East Lothian Community Arts project

The project was set up as a community arts/community development project in May 1980 by Theatre Workshop Edinburgh with funding from East Lothian District council, Lothian Region Leisure services and the Scottish Arts Council.

The Long-term aim of the project was to develop a programme of community arts activities which would take into account the needs/aspirations of people living across East Lothian by engaging the interest of local people whether or not they were actively involved in the arts..

In the first six months, the project focused on running drama sessions and play-scheme programmes but, with the appointment of Pat Fitzgerald and Stella Elsdale, it was agreed that the project should be much more wide-ranging and the idea of an exhibition event which would reflect life in East Lothian was agreed.

Little did anyone know how hectic the journey towards “It’s Changed Days Now, Right Enough” would be. (The title was inspired by the comment of an old-timer of Prestonpans who was looking at some photographs of gala days in Prestonpans)

The Exhibition/event looked at various aspects of work and community life in East Lothian. Three generations of fishing, farming and mining families spoke of their own personal experiences and provided photographs of working and home life. The project workers also “went to the dogs”, at Wallyford, and the Races at Musselburgh – for the purposes of research, of course.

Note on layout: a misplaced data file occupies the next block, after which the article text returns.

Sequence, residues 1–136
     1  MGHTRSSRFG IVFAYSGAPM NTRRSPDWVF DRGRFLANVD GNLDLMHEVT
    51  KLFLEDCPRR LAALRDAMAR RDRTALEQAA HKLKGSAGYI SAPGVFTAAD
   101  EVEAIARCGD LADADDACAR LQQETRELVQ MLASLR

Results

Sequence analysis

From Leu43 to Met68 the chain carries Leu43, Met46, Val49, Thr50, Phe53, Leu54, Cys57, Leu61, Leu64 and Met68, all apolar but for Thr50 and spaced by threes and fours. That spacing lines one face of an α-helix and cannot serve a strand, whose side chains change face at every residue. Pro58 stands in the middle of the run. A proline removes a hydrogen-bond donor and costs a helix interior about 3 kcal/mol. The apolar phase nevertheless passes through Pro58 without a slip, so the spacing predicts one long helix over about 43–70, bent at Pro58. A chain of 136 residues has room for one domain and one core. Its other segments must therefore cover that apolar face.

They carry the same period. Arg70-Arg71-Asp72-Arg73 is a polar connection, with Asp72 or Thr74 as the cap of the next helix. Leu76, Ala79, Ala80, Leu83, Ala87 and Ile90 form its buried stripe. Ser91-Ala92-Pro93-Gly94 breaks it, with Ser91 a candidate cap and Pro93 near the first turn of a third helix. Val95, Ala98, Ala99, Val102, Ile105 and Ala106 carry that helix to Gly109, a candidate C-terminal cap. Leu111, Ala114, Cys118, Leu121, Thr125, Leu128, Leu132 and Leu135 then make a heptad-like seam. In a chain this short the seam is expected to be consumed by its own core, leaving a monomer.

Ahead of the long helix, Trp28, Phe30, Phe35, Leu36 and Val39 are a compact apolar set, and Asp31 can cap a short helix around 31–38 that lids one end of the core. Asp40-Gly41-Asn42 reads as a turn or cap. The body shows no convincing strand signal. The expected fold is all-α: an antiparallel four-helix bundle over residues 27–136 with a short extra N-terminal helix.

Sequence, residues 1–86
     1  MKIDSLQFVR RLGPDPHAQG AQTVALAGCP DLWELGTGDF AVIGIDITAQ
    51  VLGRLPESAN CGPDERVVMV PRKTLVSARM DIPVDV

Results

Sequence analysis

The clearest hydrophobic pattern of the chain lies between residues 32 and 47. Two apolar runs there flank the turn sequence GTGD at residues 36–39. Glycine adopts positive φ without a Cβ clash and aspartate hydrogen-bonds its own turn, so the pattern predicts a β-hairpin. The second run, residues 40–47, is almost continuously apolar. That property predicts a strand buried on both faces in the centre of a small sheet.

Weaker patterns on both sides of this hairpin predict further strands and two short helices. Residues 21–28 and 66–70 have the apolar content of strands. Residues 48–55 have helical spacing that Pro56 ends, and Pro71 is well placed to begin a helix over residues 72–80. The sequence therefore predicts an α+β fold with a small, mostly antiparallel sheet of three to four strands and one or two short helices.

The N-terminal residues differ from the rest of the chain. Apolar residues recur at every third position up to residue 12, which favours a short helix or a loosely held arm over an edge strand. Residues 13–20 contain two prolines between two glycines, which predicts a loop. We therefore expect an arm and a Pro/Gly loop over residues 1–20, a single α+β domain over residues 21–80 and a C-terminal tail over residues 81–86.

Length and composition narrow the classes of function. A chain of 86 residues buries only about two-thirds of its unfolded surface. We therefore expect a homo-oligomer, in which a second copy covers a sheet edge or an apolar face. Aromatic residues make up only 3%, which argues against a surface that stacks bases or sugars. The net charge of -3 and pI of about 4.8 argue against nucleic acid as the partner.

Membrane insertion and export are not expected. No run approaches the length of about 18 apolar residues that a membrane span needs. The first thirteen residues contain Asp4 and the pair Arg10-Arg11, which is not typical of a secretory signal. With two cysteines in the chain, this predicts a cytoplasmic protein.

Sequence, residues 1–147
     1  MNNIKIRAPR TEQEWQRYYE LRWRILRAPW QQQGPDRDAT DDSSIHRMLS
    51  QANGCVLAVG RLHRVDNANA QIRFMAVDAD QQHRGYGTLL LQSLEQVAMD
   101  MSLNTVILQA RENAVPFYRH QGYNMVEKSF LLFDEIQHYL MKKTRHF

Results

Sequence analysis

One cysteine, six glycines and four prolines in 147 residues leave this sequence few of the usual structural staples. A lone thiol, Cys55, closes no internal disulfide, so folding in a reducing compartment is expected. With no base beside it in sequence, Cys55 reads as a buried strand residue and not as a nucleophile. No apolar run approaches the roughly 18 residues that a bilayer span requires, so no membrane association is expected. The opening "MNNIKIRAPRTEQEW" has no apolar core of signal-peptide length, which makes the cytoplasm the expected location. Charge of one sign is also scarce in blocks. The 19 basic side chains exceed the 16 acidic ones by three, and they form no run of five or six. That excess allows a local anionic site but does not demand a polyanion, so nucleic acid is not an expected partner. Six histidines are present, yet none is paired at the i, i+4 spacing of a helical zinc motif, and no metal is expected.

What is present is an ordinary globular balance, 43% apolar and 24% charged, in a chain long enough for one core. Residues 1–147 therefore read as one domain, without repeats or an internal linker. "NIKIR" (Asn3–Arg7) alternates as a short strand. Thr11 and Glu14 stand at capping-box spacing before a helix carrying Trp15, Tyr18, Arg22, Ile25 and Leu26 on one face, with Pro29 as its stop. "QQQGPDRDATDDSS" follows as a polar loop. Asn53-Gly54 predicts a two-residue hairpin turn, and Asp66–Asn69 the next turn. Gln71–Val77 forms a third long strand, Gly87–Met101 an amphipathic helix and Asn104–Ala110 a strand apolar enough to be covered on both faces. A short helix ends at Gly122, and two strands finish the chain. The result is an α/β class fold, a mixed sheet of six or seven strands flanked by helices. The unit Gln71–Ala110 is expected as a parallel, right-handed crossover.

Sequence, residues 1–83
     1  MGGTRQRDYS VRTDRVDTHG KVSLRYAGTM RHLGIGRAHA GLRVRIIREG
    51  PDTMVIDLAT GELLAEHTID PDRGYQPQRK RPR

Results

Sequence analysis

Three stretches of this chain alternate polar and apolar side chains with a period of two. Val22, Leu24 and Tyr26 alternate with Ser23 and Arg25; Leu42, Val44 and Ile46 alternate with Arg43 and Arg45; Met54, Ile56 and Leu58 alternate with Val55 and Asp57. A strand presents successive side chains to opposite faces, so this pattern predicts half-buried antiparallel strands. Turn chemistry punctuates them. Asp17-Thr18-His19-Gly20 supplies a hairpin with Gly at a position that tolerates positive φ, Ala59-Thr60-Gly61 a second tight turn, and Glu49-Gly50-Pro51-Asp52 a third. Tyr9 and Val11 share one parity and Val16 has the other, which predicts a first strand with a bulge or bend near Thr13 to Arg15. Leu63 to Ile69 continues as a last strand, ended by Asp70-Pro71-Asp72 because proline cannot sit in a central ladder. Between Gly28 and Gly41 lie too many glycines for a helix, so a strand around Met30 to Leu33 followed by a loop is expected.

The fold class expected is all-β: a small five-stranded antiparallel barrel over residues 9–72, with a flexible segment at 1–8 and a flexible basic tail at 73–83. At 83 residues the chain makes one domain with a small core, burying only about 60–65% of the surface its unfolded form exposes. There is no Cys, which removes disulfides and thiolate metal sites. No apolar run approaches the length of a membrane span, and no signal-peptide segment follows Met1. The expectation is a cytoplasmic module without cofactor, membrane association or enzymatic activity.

Contacts were made entirely by word of mouth. The raw material for the Exhibition depended mainly on the goodwill and generosity of many individuals and a great variety of local groups and organisations.

“It’s Changed Days Now, Right Enough” toured round six venues in the summer of 1981. The supporting programme of events and activities changed at each venue to reflect local groups and organisations had to offer – there were displays and demonstrations by local artists and arts organisations, drama workshops and a day conference for teenagers on issues relating to planning and provision for leisure. Over 7,000 people visited the exhibition.

In addition, Blue Circle Cement sponsored a bus fitted out with a Audio Visual Presentation on the theme of the exhibition* which, with workers from the three industries., toured local primary schools and community groups.

As a follow-up to the exhibition, East Lothian Community History and Arts Trust was established to develop ideas locally, the recordings were lodged with the School of Scottish Studies and the Exhibition and copies of the related archive were lodged with East Lothian District Council.

Stimulated by contacts with local voluntary groups and organisations, the next project was the production of “It’s On” – a leaflet which publicised the range and variety of organisations, events and activities which took place, on a regular basis, District-wide.

*Produced by Film Workshop Trust, funded by Theatre Workshop